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Tim Strehle’s links and thoughts on Web apps, software development and Digital Asset Management, since 2002.

Use ppolicy_hash_cleartext to keep OpenLDAP from storing and returning plain text passwords

(Disclosure: I’m no OpenLDAP expert, just a user. Use the commands below at your own risk. Please let me know if I’m recommending something dumb…)

OpenLDAP slapd is popular open source server software that implements the LDAP protocol – you use it to store users, groups and their attributes, and you can use it for authentication (checking whether a given username/password combination is valid).

The experts will know about this, but to a novice it’s counter-intuitive that by default, OpenLDAP stores passwords in plain text on disk, and even returns plain text passwords in search results. Here’s what this looks like:

On my CentOS 7 box with slapd 2.4.39, I created a user named “someone” and set his password to “secret”. This command shows that the password is stored in clear text on disk:

[digicol@dcxcentos7vm ~]$ sudo strings /var/lib/ldap/id2entry.bdb \
    | grep -C 1 secret

When I search the directory, I can ask for the password:

[digicol@dcxcentos7vm ~]$ ldapsearch -x -H ldap://localhost:389 \
    -b dc=example,dc=com -D cn=admin,dc=example,dc=com -w dc \
    -LLL 'cn=someone' userPassword
dn: uid=someone,ou=people,dc=example,dc=com
userPassword:: c2VjcmV0

At first sight, the userPassword value looks like something that might be encrypted. It isn’t, however; the double colon indicates that the value is Base64 encoded. So I can easily read the password in plaintext:

[digicol@dcxcentos7vm ~]$ php -r 'var_dump(base64_decode("c2VjcmV0"));'
string(6) "secret"

While most people would agree that plaintext passwords are bad practice, OpenLDAP doesn’t do this by accident. It’s by design, as their documentation states under Security Considerations – Password Storage:

“RFC4519 specifies that passwords are not stored in encrypted (or hashed) form. This allows a wide range of password-based authentication mechanisms, such as DIGEST-MD5 to be used. This is also the most interoperable storage scheme. However, it may be desirable to store a hash of password instead. slapd(8) supports a variety of storage schemes for the administrator to choose from.”

For some background, see How do you turn on password hashing (SSHA) in openLDAP on Stackoverflow.

How to enable Hash Passwords in OpenLDAP has a solution, explaining how to enable ppolicy_hash_cleartext via the ppolicy (Password Policy) overlay module. But it uses the deprecated slapd.conf configuration file. Here’s how I did the same using the newer slapd-config configuration system, which you’re interacting with using the OpenLDAP command line tools instead of editing a config file (blog posts by David Robillard and Milo Oostergo helped me figure this out).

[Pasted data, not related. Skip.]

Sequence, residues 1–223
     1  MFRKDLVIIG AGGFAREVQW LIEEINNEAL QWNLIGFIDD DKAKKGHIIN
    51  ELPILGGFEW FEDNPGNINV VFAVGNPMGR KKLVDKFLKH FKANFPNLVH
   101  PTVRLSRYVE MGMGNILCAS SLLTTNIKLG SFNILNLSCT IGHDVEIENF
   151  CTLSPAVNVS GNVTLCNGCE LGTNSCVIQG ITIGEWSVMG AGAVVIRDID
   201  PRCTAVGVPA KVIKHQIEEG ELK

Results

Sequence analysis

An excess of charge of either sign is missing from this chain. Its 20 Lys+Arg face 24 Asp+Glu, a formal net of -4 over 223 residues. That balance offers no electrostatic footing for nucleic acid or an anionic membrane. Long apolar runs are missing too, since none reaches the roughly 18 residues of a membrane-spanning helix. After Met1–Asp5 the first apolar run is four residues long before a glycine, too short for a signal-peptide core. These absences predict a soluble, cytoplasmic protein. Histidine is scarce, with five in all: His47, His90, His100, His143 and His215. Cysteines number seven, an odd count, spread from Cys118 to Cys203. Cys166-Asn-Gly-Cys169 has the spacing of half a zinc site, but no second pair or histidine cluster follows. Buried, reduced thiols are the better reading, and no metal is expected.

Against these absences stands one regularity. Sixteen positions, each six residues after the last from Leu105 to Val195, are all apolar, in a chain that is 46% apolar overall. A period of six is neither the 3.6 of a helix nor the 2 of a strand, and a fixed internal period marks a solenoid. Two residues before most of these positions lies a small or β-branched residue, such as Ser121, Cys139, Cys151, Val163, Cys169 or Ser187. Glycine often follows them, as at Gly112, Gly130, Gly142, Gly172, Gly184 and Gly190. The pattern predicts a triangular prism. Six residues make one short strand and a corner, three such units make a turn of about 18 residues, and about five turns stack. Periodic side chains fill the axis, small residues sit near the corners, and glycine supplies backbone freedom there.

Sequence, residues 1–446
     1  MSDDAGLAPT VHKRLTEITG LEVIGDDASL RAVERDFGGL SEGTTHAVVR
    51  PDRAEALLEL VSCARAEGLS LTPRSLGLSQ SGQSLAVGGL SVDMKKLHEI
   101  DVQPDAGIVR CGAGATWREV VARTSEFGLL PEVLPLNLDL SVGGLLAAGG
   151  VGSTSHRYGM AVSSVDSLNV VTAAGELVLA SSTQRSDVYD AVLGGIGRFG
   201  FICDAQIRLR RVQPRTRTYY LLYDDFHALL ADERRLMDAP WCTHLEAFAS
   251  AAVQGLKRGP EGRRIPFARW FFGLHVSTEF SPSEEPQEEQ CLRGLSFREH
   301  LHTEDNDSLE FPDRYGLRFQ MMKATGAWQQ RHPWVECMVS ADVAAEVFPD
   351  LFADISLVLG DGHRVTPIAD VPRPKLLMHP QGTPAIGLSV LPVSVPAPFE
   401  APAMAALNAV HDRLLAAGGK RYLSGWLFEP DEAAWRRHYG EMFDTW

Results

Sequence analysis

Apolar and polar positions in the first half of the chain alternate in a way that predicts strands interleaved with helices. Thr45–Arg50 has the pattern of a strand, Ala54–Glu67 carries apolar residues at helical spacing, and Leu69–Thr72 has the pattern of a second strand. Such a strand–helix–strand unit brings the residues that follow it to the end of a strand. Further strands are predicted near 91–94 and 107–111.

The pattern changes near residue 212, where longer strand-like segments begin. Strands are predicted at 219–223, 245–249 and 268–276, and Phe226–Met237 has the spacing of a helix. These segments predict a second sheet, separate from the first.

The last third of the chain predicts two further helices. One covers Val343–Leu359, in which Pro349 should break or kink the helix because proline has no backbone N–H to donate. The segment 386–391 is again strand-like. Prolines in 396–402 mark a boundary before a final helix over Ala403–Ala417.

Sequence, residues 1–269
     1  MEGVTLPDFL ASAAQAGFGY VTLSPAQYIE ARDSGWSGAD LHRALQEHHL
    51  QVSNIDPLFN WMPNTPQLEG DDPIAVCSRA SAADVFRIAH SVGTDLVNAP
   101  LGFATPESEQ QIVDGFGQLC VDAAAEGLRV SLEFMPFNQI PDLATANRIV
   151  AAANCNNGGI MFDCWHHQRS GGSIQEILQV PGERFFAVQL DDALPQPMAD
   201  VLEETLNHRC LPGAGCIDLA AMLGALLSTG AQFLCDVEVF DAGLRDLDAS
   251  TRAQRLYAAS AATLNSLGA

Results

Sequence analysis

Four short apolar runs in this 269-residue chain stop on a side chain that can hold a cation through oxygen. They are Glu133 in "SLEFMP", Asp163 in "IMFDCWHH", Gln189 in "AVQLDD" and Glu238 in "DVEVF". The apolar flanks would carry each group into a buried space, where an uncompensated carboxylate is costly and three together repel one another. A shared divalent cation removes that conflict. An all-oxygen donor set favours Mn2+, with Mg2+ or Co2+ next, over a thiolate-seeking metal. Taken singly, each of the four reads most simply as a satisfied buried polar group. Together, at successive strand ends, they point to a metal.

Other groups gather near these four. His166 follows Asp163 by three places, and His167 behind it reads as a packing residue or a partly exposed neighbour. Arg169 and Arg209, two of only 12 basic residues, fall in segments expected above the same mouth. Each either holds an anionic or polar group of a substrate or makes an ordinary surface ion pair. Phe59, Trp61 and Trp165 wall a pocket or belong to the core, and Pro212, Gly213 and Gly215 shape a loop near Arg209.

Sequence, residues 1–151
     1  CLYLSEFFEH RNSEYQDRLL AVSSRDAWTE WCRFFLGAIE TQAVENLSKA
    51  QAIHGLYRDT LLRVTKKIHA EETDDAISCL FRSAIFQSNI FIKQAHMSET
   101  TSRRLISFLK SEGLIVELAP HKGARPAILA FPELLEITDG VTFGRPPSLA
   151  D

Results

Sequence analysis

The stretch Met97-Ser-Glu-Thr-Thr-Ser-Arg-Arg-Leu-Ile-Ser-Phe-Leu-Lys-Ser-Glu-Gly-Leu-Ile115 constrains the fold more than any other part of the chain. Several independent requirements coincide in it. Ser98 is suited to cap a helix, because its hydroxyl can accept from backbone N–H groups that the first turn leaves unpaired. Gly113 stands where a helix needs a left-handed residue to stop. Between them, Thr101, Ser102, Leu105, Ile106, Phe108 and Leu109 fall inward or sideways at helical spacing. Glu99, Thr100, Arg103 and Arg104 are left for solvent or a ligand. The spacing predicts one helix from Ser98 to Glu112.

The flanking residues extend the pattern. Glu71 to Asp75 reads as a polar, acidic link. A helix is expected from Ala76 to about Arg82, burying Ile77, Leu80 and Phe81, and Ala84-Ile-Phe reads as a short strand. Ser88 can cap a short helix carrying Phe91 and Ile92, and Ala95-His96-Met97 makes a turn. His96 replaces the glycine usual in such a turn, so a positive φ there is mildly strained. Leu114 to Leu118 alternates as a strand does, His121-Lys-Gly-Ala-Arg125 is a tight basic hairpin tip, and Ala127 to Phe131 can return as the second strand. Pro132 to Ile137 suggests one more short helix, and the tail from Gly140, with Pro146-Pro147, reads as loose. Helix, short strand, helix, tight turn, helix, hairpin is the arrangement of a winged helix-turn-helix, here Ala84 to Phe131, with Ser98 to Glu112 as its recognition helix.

First, I created an LDIF file with the stuff to add to the configuration, /tmp/config.ldif:

# Load the ppolicy module
dn: cn=module{0},cn=config
objectClass: olcModuleList
cn: module{0}
olcModuleLoad: ppolicy.la

# Enable the overlay and its hash_cleartext policy
dn: olcOverlay={5}ppolicy,olcDatabase={2}bdb,cn=config
objectClass: olcOverlayConfig
objectClass: olcPPolicyConfig
olcOverlay: {5}ppolicy
olcPPolicyHashCleartext: TRUE

To find the correct parent entry for the olcOverlay, I had to run this search which showed me I had to use olcDatabase={2}bdb, not the olcDatabase={2}hdb given in the blog post I had read:

sudo ldapsearch -Y EXTERNAL -H ldapi:/// -b cn=config dn \
    | grep olcDatabase

Then I imported the file with ldapadd. Note that you gain access to the OpenLDAP config database by running as root and using -Y EXTERNAL instead of -D:

[digicol@dcxcentos7vm openldap]$ sudo ldapadd -Y EXTERNAL \
    -H ldapi:/// -f /tmp/config.ldif 
SASL/EXTERNAL authentication started
SASL username: gidNumber=0+uidNumber=0,cn=peercred,cn=external,cn=auth
adding new entry "cn=module{0},cn=config"
adding new entry "olcOverlay={5}ppolicy,olcDatabase={2}bdb,cn=config"

Now I changed my example user’s password from “secret” to “hashed”. Re-running the above commands confirms that the password is not stored as plaintext on disk…

[digicol@dcxcentos7vm ~]$ sudo strings /var/lib/ldap/id2entry.bdb \
    | grep -C 1 hashed

… and it isn’t returned in the clear anymore; the value is marked as SSHA-crypted:

[digicol@dcxcentos7vm ~]$ ldapsearch -x -H ldap://localhost:389 \
    -b dc=example,dc=com -D cn=admin,dc=example,dc=com -w dc \
    -LLL 'cn=someone' userPassword
dn: uid=someone,ou=people,dc=example,dc=com
userPassword:: e1NTSEF9eG5rNFNCTTNLK1lzeFBEa3hiM2pDbEVlVU03YTNadGk=

[digicol@dcxcentos7vm ~]$ php -r \
string(38) "{SSHA}xnk4SBM3K+YsxPDkxb3jClEeUM7a3Zti"